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Prostate. 2019 Feb;79(2):215-222. doi: 10.1002/pros.23726. Epub 2018 Oct 21.

A role for paracrine interleukin-6 signaling in the tumor microenvironment in prostate tumor growth.

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Department of Pathology, Johns Hopkins University School of Medicine, Baltimore, Maryland.
Sidney Kimmel Comprehensive Cancer Center, Johns Hopkins University School of Medicine, Baltimore, Maryland.
Department of Urology, James Buchanan Brady Urological Institute, Johns Hopkins University School of Medicine, Baltimore, Maryland.



Interleukin-6 (IL-6) is a mediator of inflammation that can facilitate prostate cancer progression. We previously demonstrated that IL-6 is present in the prostate tumor microenvironment and is restricted almost exclusively to the stromal compartment. The present study examined the influence of paracrine IL-6 signaling on prostate tumor growth using allograft models of mouse prostate cancer (TRAMP-C2), colon cancer (MC38), and melanoma (B16) cell lines in wildtype (WT) and IL-6 knockout (IL-6-/- ) mice.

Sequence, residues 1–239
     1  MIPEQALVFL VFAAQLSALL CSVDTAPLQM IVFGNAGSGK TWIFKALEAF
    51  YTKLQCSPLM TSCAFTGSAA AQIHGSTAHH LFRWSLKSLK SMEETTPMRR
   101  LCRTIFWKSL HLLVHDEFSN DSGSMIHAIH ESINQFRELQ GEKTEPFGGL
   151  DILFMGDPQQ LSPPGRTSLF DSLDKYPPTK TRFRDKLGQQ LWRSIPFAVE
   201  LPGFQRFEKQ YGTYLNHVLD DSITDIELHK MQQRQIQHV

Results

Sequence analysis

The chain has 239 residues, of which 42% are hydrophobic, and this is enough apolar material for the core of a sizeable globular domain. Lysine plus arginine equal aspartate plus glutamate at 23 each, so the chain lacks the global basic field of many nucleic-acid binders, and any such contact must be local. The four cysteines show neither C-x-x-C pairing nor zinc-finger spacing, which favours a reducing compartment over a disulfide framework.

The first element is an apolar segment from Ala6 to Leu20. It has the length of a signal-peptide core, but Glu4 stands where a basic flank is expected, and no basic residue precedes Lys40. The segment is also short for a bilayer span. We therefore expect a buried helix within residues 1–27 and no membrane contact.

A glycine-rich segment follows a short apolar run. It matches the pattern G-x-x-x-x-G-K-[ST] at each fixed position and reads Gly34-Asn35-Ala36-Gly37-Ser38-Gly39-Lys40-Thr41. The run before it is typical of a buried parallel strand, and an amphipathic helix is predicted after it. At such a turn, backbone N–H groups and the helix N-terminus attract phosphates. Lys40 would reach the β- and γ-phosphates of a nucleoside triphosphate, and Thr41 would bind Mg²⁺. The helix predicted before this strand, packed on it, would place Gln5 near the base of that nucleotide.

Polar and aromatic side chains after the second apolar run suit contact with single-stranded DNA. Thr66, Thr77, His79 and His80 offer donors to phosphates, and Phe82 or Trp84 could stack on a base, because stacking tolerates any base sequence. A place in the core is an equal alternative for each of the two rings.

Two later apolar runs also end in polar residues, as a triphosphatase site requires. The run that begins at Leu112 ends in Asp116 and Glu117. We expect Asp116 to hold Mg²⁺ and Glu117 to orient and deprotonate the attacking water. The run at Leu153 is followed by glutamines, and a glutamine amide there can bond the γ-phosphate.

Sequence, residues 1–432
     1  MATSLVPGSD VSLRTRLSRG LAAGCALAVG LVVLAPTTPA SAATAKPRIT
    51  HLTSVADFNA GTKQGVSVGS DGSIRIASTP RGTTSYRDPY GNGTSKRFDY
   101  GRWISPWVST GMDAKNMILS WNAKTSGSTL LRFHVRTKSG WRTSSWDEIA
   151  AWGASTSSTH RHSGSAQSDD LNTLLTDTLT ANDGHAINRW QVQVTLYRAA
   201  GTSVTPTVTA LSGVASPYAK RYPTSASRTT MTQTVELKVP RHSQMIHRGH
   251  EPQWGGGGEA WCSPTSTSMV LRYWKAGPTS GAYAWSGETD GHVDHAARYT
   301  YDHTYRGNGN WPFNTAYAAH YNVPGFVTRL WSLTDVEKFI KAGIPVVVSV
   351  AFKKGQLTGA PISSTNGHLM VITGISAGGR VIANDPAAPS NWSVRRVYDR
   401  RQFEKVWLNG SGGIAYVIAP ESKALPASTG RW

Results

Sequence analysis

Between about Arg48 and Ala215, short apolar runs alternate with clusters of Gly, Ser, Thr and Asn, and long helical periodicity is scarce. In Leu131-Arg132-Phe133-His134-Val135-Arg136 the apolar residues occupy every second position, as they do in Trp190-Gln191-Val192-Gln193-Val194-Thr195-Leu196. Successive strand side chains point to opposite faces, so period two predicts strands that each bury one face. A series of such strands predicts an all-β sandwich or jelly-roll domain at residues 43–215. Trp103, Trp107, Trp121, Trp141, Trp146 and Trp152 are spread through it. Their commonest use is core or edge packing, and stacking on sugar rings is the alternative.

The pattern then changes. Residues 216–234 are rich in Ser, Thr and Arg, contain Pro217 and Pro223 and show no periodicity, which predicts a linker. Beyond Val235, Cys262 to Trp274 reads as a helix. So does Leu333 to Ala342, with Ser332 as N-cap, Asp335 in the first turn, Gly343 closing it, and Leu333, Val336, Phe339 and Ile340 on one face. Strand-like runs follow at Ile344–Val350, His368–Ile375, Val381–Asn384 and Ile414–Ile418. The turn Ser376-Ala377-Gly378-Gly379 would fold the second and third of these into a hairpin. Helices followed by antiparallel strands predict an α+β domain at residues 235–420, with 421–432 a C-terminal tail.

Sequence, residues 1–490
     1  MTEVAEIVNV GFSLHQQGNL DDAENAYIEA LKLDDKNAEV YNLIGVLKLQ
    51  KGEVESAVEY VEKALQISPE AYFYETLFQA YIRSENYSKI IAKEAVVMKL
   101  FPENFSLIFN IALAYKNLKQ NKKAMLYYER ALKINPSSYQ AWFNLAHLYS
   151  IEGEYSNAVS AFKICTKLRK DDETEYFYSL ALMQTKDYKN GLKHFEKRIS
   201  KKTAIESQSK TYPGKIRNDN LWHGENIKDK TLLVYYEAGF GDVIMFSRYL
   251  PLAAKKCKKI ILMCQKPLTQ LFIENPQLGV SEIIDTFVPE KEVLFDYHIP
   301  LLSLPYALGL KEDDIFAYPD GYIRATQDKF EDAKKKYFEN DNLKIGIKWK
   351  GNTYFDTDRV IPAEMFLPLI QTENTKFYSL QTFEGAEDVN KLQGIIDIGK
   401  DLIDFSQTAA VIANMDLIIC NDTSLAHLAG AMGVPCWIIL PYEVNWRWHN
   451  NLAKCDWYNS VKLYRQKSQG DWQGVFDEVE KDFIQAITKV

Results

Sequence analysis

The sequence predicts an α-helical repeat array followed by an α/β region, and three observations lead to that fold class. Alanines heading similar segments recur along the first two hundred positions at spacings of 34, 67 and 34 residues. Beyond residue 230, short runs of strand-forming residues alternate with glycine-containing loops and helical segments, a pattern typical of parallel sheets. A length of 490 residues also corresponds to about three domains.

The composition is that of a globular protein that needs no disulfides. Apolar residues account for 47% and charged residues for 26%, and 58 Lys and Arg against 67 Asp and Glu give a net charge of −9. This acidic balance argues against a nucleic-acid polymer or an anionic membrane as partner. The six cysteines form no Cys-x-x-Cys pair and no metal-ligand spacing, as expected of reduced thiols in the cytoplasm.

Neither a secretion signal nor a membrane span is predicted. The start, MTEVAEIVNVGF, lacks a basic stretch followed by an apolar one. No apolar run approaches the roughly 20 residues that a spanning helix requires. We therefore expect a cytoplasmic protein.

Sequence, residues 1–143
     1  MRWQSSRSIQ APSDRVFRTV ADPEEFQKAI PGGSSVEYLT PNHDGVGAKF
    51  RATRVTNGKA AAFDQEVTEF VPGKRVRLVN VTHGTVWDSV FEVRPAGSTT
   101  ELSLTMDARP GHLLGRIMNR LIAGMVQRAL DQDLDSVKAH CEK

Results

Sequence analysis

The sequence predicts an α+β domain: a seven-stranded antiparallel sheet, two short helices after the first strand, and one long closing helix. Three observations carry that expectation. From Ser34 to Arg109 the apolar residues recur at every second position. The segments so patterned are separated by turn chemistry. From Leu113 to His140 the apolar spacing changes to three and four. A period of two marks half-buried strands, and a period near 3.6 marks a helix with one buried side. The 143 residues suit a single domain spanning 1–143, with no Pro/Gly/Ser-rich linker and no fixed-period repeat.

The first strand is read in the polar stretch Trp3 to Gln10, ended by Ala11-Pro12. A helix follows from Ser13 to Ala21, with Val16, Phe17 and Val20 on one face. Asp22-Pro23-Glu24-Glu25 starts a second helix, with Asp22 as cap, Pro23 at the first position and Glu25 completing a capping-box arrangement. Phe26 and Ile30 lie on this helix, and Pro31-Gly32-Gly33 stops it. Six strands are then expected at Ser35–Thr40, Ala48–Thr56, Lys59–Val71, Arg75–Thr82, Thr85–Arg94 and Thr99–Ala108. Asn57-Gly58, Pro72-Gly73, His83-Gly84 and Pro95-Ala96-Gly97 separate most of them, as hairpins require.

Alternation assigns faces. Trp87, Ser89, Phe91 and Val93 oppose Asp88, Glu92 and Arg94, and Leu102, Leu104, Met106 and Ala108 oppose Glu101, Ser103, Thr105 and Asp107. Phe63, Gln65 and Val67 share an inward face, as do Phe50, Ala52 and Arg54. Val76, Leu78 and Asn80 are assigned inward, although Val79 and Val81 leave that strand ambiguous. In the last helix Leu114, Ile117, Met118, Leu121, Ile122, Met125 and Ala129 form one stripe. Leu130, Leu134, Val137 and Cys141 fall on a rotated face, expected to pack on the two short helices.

Cells were implanted into WT or IL-6-/- mice and tumor sizes were measured at a 3 to 4 day interval. Serum, tumors, and other organs were collected for IL-6 analysis by ELISA and RNA in situ hybridization (RISH).


There was a significant reduction in TRAMP-C2 and B16 tumor size grown in IL-6-/- mice versus WT mice (P = 0.0006 and P = 0.02, respectively). This trend was not observed for the MC38 cell line. RISH analysis of TRAMP-C2 tumors grown in WT mice showed that cells present in the tumor microenvironment were the primary source of IL-6 mRNA, not the TRAMP-C2 cells. Serum IL-6 ELISA analyses showed an increase in the circulating levels of IL-6 in WT mice bearing TRAMP-C2 tumors. Similar phospho-STAT3 expression and tumor vascularization were observed in TRAMP-C2 tumors grown in WT and IL-6-/- mice.


Our results are consistent with previous studies in prostate cancer patients demonstrating that paracrine IL-6 production in the tumor microenvironment may influence tumor growth. Additionally, these data provide evidence that elevated systemic IL-6 levels may be involved in tumor growth regulation in prostate cancer, and are not simply caused by or indicative of tumor burden.


inflammation; interleukin 6; microenvironment; prostate cancer; tumor growth


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